As for prognostications, I'm calling for another Conservative minority. One that includes the enticing possibility of a coalition of the Left actually having a majority. That's pie in the sky dreaming, because it would possibly lead to Prime Minister Layton. Much more likely is that the left won't align completely against Harper, instead preferring to keep him in check through these next rough four years. And the key, I think, is that the Bloc will become national heroes in one respect. Their blocking of Conservative gains in Quebec will actually stop the Conservative majority from becoming reality.

That has to be the defining irony of Canadian politics.

Monday, October 06, 2008

MISC: Check Out Cuban

Mark Cuban is a "Love Him/Hate Him" kind of guy. The owner of the Dallas Mavericks and HDNet, plus assorted ventures neither your or I know about, Cuban is a newsmaker. And he's an old time computer geek that writes an informative blog several times a week.

What Cuban writes about is business, life and the Mavs, basically in that order. I find he's right most of the time, taking into account I'm overestimating my ability to know when I'm being filibustered. But I got the feel, he's mostly right. He tells tales of his own warts and mistakes, as well as making regular suggestions on how to make the world a better place. At least the business world.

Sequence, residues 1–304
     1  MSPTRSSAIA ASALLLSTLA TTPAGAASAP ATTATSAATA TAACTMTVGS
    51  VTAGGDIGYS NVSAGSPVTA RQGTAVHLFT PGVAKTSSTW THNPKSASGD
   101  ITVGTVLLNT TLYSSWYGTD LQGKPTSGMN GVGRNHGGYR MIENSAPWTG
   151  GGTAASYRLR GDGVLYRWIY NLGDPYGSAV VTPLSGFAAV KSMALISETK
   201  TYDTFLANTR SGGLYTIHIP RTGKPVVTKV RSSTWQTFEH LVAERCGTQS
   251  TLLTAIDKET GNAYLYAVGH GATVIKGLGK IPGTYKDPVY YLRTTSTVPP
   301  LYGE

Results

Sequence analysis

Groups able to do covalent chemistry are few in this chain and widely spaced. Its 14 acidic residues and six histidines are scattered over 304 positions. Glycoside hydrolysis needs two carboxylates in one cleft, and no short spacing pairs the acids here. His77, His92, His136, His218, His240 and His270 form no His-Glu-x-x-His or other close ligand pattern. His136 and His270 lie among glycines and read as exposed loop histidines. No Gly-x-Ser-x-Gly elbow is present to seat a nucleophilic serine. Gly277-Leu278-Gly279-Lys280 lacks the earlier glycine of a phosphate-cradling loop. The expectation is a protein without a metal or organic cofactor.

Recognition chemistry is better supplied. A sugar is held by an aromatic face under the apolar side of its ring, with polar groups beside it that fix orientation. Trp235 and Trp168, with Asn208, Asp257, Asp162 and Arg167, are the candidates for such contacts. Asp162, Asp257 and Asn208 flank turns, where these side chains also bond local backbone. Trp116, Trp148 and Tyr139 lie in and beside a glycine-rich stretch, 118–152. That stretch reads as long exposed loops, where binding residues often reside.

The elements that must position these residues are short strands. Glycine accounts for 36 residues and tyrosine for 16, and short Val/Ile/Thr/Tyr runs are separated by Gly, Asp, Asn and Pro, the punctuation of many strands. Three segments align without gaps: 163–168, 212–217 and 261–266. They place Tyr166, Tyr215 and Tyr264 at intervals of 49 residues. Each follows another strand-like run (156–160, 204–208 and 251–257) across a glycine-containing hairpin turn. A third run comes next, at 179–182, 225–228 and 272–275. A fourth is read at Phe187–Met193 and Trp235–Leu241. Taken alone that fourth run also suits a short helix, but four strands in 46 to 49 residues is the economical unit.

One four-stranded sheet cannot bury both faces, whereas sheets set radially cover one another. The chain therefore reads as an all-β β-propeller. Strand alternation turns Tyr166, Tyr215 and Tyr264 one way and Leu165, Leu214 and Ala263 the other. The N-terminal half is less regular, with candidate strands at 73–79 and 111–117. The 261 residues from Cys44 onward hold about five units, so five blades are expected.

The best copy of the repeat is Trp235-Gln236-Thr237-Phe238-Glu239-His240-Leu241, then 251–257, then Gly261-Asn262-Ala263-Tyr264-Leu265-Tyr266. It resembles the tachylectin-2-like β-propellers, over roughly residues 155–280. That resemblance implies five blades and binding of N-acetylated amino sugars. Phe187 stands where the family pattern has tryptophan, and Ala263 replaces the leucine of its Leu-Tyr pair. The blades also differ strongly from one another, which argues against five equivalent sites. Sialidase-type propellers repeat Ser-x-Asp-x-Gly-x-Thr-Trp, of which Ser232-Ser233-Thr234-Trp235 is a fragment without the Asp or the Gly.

His current blog as of today is all about the secrets of getting rich. Hmmmmm. A hot button topic given today's economical environment if there ever was one. And by the way, if you DO go over there and read it, don't forget to read the blogs in the link at the bottom of the post. It's a little autobiography of the early days of a billionaire. Not all of the early days. It only obliquely references his job as a garbage bag saleskid, or the bar he opened up in university, while shy of the legal drinking age himself. (Check out Their bio on Cuban was a great read).